Skip to main content

Reducing European dependence on Russian gas

LNG Industry,

A new report from the Oxford Institute for Energy Studies finds that there is limited scope for significantly reducing overall European dependence on Russian gas before the mid-2020s.

The report, Reducing European Dependence on Russian Gas: distinguishing natural gas security from geopolitics, explains that countries in the Baltic region and south-eastern Europe, which are highly dependent on Russian gas, could substantially reduce and even eliminate imports of Russian gas by the early 2020s, through a combination of LNG supplies and pipeline gas from Azerbaijan.

Similar measures could reduce, but not eliminate, the dependence of central Europe and Turkey on Russian gas. In the majority of countries, there is limited scope to reduce gas with oil products, and the extent that it is replaced by coal in power generation carbon emissions will increase significantly.

Russian contracts

Up to the mid-2020s, European companies are contractually obliged to import at least 115 billion m3/year of Russian gas (approximately 75% of the 2013 import level), a figure which reduces to approximately 65 billion m3 by 2030.

Even if long-term contracts disappear, the modelling in the report shows a requirement of at least 100 billion m3/year of Russian gas up to 2030, and in some scenarios up to twice that volume. The main additional source of non-Russian gas for Europe up to 2030 will be LNG; pipeline gas imports from domestic and other imported sources are not envisaged to increase substantially and may decline.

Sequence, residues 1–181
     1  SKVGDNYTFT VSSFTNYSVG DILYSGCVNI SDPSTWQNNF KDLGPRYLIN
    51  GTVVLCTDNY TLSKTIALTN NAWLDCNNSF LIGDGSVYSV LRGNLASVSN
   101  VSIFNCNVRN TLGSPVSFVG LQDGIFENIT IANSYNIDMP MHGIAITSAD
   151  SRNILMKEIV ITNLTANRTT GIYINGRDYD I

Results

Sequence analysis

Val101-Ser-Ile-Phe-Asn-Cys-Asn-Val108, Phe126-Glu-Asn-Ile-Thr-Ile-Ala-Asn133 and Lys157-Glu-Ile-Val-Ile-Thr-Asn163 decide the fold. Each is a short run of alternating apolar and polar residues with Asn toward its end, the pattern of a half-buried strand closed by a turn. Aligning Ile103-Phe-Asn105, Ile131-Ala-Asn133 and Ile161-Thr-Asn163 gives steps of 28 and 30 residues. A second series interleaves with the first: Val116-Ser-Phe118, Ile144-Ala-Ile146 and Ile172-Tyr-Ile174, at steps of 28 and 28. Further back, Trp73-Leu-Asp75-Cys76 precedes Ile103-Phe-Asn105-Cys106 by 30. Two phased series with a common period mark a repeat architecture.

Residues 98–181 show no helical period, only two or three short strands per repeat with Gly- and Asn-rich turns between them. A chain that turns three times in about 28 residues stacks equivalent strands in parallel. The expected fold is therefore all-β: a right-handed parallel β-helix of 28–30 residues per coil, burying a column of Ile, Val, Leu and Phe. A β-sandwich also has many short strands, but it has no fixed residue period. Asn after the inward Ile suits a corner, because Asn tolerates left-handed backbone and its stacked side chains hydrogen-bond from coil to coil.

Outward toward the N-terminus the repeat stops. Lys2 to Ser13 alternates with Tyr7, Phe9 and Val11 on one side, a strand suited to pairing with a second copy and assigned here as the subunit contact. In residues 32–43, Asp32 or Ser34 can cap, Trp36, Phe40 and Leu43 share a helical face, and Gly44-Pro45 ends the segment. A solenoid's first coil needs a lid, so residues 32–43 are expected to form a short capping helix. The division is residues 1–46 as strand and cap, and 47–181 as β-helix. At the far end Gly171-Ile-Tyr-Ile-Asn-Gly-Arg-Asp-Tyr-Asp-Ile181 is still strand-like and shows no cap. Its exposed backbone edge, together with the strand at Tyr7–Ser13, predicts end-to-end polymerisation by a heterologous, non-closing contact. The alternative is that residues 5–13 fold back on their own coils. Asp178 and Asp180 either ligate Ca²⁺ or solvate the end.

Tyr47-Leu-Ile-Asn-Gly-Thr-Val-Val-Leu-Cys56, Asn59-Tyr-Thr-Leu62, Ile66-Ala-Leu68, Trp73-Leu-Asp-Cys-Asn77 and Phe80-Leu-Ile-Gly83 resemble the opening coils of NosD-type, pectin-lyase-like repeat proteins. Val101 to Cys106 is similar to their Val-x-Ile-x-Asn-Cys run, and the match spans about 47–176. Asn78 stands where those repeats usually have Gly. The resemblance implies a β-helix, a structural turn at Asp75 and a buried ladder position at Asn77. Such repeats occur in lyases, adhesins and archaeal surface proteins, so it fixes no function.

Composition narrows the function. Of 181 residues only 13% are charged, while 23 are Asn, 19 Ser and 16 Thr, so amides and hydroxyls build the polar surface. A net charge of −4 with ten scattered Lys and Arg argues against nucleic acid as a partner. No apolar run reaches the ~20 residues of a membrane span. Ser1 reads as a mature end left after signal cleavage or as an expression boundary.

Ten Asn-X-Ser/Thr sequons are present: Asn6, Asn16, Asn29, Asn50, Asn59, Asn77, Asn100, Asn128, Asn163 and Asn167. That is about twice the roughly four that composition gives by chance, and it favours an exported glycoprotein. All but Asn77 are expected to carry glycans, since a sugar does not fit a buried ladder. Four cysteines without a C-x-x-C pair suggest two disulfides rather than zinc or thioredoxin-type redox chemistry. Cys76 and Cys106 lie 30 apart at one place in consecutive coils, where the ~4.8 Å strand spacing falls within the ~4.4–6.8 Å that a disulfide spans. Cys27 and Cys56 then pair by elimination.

Competitive gas deliveries

Russian gas deliveries to Europe will be highly competitive with all other pipeline gas and LNG (including US LNG) supplies throughout the period to 2030, and Gazprom’s market power to impact European hub prices may be considerable.

Countries with strong geopolitical fears related to Russian gas dependence will need to either terminate, or not renew, their long-term contracts with Gazprom. This will result in substantial additional infrastructure costs for LNG import terminals and pipeline connections, or investments in alternative energy sources, energy conservation, and efficiency measures.

Political relationships

Whatever the political relationship between Russia, the European Union, and individual European countries, a continued natural gas relationship will be necessary and needs to be carefully managed. The most immediate problems are a resolution of the Ukrainian transit situation, and a successful conclusion of the EU’s regulatory treatment of the South Stream pipeline.

Once the immediate crisis has passed, both sides need to discuss the future role of gas in EU energy balances, together with its potential contribution to the EU’s ambitious carbon reduction targets.

Source: The Oxford Institute for Energy Studies.

Edited by Katie Woodward

Read the article online at:


Embed article link: (copy the HTML code below):